New Washington Post Investigation Centers on Brookdale Senior Living Staffing Algorithm

Staffing algorithms like one used by the nation’s largest senior living operator are exacerbating work shortages and often underestimating the amount of care that older adults need, according to a new investigation from the Washington Post.

The latest story, published Monday, centered mainly on a staffing algorithm used by Brookdale Senior Living (NYSE: BKD) known as “Service Alignment.” According to the Post, the algorithm helped lead to understaffing at the company’s communities, and in the process “failed to capture the nuances of caring for vulnerable seniors.”

“When Service Alignment was rolled out, the algorithm forced many Brookdale facilities to reduce their staff, documents and interviews show. At other facilities, where the algorithm suggested more staff was needed, Brookdale intervened,” wrote Post reporters Douglas MacMillan and Christopher Rowland.


The Post’s reporters based their story on interviews with more than 35 current and former Brookdale employees, court records and internal documents.

In a statement provided by a Brookdale spokesperson, the Brentwood, Tennessee-based company disagreed with the Post’s account.

“Service Alignment is a resource to help guide community leaders on staffing decisions, but local leaders have autonomy and discretion to adjust staffing levels as necessary to meet resident needs. It was created in the early 2000s as a way to identify best practices to meet the needs of residents. Service Alignment does not dictate staffing maximums or determine care costs,” the company’s statement read.


The Post’s investigation on Brookdale’s staffing algorithm is the latest in a series of stories called “Memory Inc.” casting a spotlight on the U.S. assisted living sector. A previous story, published in December, 2023, centered on thousands of cases since 2018 where senior living residents wandered away from their communities, resulting in nearly 100 deaths in that time.

That story sent shockwaves through the industry shortly after it was published, and prompted a U.S. Senate committee hearing in January.

Brookdale is the largest senior living operator in the U.S. with 652 communities nationwide.

Algorithm story adds to industry scrutiny

According to the Washington Post, Brookdale’s staffing algorithm has led to consternation at the community level. Managers “repeatedly complained that the company’s algorithm underestimated the amount of labor they needed to meet resident needs, according to court records,” the Post story noted.

Sometimes, the algorithm led to substandard care for older adults with dementia, the Post found after talking with a handful of the company’s former executive directors.

“Service Alignment failed to capture the complexities of working with seniors with cognitive decline,” the Post reporters wrote. “For instance, helping dementia patients take showers may take two or three times as long as other residents, because they often refuse to get undressed in front of caregivers they may not remember and need to be patiently guided through the process.”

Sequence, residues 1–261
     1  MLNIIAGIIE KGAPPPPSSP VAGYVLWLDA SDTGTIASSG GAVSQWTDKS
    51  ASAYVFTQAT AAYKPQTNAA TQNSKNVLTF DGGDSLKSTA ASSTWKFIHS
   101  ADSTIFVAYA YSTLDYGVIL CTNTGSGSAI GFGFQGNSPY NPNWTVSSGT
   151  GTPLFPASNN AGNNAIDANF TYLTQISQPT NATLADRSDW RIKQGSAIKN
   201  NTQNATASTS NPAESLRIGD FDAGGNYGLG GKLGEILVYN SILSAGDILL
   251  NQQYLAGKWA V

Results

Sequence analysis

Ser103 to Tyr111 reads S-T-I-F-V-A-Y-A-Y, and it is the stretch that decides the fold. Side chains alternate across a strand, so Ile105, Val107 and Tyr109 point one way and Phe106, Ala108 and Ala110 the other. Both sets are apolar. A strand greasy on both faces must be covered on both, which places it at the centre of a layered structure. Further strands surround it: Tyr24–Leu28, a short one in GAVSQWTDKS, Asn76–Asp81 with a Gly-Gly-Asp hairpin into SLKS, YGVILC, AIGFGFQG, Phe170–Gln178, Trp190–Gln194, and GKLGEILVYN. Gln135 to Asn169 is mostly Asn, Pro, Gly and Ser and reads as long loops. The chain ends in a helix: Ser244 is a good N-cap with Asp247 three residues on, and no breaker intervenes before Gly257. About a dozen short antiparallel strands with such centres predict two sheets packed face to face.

The Post also detailed two civil lawsuits against Brookdale in Tennessee and California in which “a dozen residents or relatives of residents claim they suffered due to short-staffing caused by an overreliance on algorithms.” Sunrise Senior Living also is defending itself in a lawsuit by a group of customers with “similar concerns,” according to the Post.

Brookdale told the Post the claims were “inaccurate.” Brookdale also said that the staffing allegations are “largely derived from purported class action litigation that we and a number of other senior living providers have been facing over the last several years driven by plaintiffs’ attorneys seeking to earn fees.”

“Brookdale disputes the allegations and has been successful in defending against them to date,” the company’s statement read.

Brookdale is not the only company that has undergone legal and media scrutiny in the last 12 months over use of an algorithm. The UnitedHealth Group (NYSE: UNH) is facing a federal lawsuit over UnitedHealthcare’s use of an artificial intelligence tool in making Medicare Advantage claims denials for patients in extended care facilities.

In general, the senior living industry is facing increased scrutiny from multiple sides in 2024, including from the media and local and federal regulators. In response, industry associations, including Argentum, have said that such scrutiny is not warranted given senior living operators’ outsized impact on the health and wellbeing of residents.

“By relying on isolated events and anecdotal reporting, the Post mischaracterizes the experiences of the vast majority of the 1.4 million Americans who reside in assisted living communities today,” Argentum CEO James Balda said in a statement Monday, referencing the April 1 Post story.

“The Post fails to acknowledge that older adults who live in senior housing communities live longer, receive more healthcare services, and benefit from greater rehabilitative and preventive care than those who do not,” Balda continued. “In addition to fulfilling and often exceeding minimum state staffing requirements, Argentum and its members are committed to maintaining sufficient qualified staffing based on the needs of residents, which is central to the concept of person-centered care.”

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